My detox also meant giving up things like makeup and deodorant as well. Makeup was hard to part with, mainly because the only makeup I ever used was concealer.* Going bare-faced was humbling, but I was willing to suck it up, since the only people who ever saw me anymore were my coworkers/roommates and the random strangers who came into my store who I would never see again anyway. Deodorant was the hardest. I tend to be a sweat-er–in fact, I had started using the clinical strength stuff while I was living in NY. But since moving to Florida, I had already given up the antiperspirant, what with all the rumors about the aluminum mimicking estrogen and causing breast cancer. So giving up deodorant altogether was the next logical step. Fortunately two things made the transition easier: 1) Bonzai Aphrodite (the no ‘poo gal) had a recipe for an all-natural preparation using baking soda and coconut oil, and 2) when I became a vegan, I stopped sweating.**
But despite all of my best efforts, the acne didn’t clear up. And the red rash around my mouth (my “goatee”) got worse. I continued my feverish Google searching until I stumbled upon a possible diagnosis for the rash: perioral dermatitis. And while a Google Image Search returned some cases much worse than my own, there were a few pictures that looked eerily similar. And, upon further research, I figured out the culprit: toothpaste.
If you use any commercially popular toothpaste, you’re introducing all sorts of chemicals into and around your mouth, including two called Sodium Laurel Sulfate and Ammonium Laurel Sulfate. Their only purpose in the toothpaste (and in shampoos and soaps) is to help produce the familiar lather that makes you feel like you’re getting clean.*** These sulfates are finally being recognized as huge irritants–which is why so many shampoo brands are quick to advertise their “sulfate free” formulas these days.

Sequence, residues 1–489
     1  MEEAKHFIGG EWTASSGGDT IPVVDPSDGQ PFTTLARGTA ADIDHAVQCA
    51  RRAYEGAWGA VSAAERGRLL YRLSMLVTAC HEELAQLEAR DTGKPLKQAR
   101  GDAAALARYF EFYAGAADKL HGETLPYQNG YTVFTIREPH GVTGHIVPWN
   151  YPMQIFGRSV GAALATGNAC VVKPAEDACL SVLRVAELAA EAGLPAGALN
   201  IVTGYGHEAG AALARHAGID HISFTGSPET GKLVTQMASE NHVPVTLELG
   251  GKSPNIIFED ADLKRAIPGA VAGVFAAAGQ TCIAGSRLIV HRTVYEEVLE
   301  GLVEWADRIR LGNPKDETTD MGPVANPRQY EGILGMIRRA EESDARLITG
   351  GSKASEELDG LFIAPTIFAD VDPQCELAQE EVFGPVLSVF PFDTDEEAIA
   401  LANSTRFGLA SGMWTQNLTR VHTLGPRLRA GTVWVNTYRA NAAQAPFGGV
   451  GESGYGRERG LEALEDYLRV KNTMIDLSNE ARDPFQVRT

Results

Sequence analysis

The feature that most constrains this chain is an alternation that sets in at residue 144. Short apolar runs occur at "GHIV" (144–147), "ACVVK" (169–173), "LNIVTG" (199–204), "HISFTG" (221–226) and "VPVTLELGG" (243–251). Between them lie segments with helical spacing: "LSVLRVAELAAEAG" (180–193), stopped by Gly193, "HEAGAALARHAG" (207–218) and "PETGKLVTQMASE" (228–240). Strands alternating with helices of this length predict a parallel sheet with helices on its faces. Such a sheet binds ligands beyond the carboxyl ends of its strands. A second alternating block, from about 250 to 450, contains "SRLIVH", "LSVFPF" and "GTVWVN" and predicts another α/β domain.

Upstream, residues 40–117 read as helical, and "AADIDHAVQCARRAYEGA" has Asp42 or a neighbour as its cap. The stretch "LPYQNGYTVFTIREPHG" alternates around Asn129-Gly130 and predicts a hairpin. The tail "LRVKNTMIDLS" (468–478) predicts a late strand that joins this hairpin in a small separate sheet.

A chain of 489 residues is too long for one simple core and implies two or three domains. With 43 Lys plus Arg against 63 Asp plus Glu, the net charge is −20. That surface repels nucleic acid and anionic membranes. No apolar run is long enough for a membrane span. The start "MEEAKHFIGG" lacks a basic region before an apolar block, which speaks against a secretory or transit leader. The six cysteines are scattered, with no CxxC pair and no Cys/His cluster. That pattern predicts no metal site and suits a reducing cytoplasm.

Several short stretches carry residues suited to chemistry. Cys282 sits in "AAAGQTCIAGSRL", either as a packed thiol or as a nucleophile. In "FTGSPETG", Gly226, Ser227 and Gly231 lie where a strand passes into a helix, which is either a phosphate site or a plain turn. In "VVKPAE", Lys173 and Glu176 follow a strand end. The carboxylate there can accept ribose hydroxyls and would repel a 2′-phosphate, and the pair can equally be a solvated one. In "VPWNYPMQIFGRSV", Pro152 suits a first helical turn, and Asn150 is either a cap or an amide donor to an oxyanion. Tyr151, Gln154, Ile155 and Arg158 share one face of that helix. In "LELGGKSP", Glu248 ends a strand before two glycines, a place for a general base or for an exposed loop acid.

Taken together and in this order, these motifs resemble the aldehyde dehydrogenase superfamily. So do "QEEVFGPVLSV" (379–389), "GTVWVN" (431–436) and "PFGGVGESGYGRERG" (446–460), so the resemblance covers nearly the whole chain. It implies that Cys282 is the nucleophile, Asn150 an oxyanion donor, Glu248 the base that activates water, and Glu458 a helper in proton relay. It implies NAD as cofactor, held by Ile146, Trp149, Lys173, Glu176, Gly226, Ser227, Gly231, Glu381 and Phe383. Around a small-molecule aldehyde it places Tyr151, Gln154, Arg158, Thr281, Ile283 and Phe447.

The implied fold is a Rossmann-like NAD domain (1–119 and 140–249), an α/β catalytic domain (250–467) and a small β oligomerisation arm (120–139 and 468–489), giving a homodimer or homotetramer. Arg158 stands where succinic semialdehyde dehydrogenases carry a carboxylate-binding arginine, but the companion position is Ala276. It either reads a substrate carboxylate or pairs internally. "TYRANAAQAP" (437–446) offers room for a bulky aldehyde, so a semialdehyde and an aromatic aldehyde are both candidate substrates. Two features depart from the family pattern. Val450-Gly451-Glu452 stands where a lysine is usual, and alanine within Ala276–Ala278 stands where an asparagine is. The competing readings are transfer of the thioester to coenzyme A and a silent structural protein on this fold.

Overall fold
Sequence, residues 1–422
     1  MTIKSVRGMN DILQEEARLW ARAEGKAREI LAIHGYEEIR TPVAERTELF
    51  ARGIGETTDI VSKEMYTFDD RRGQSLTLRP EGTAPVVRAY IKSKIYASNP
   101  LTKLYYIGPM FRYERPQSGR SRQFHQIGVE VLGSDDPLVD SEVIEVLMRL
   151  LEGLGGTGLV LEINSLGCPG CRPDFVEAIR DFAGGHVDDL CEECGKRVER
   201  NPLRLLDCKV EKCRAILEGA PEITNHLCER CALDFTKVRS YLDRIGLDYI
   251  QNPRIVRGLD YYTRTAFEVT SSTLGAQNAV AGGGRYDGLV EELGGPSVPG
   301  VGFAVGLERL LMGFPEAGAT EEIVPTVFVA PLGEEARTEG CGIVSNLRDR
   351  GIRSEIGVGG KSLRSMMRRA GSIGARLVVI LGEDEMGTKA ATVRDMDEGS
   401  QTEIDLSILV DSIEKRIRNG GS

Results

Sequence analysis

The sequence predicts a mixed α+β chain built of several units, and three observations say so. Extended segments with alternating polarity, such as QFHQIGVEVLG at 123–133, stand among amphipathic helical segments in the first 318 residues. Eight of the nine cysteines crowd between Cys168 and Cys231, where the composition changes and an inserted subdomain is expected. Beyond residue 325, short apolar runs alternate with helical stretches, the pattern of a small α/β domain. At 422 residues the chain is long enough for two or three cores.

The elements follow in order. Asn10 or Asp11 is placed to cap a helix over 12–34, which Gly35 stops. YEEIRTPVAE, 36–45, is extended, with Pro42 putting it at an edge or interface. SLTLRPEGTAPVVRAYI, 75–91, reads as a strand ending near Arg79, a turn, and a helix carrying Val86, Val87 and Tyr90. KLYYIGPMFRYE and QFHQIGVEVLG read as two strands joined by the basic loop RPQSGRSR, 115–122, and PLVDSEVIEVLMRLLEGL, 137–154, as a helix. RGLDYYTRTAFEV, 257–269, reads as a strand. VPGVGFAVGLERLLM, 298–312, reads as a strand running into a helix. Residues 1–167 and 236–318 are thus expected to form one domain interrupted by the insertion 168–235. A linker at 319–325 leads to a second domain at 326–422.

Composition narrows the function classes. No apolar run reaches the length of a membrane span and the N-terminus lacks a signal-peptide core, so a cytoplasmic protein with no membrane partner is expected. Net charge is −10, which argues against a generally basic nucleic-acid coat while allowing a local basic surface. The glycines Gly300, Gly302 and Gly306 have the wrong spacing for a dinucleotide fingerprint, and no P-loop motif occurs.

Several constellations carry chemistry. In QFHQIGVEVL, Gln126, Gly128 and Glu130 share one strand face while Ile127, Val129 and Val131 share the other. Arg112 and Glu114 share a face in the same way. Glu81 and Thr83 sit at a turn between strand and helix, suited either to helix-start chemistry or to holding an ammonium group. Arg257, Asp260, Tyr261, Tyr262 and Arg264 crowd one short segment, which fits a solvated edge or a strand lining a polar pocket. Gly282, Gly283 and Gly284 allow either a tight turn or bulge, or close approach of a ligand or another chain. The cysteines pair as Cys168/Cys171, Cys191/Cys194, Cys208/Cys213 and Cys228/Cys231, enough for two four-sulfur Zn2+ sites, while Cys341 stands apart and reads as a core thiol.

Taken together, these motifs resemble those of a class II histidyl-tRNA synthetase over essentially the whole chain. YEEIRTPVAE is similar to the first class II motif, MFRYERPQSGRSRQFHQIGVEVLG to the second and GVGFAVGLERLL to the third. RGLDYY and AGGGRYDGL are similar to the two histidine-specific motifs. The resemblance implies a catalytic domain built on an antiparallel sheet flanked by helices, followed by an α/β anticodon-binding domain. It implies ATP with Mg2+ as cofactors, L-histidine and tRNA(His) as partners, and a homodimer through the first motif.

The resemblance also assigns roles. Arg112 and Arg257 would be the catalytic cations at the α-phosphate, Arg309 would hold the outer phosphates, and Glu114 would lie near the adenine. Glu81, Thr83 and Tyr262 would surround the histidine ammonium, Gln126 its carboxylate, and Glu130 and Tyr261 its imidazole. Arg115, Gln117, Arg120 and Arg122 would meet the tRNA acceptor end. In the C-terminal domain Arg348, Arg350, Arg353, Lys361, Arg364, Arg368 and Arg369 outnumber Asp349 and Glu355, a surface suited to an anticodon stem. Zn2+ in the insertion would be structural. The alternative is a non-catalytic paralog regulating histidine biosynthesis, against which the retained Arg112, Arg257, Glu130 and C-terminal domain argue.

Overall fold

Turns out that SLS is a major cause of perioral dermatitis. And so I suffered for years because I was too busy investing in Colgate and Crest, when all I needed to do was read the ingredient list. (There’s also some speculation that fluoride might also be a contributor to PD, so I did some research to find a brand of toothpaste that contained none of the potential irritants.) I went out to Whole Foods and bought a tube of Jason Powersmile (SLS and fluoride free!). The PD cleared up almost immediately.
Too bad it didn’t help with the rest of my face.
*And cheap eyeliner. The kind that smudges like crazy and never completely comes off even after using makeup remover. In fact, Lysander used to joke that he’d never seen me without eyeliner, even after we had lived together for two months. Why didn’t I buy anything less crappy? Because for an investment of $1.99, I didn’t really care if anyone ever saw me 100% without makeup. I’m cheap, what can I say? (This stuff is really crap, but it’s the only eyeliner I had bought since high school…)
**Except for during Bikram sessions, of course. It’s pretty much impossible not to sweat while balancing on one leg for 90 minutes in excessive heat.
***In Charles Duhigg’s The Power of Habit, the author discusses how lather is more of a marketing ploy than a cleaning tool. When you brush your teeth, you feel the sensory cue of lather which implies the reward of clean teeth. You develop of a routine around the cue/reward, and thus keep buying toothpaste because you implicitly feel cleaner. For more on SLS and habit, check out this blog post.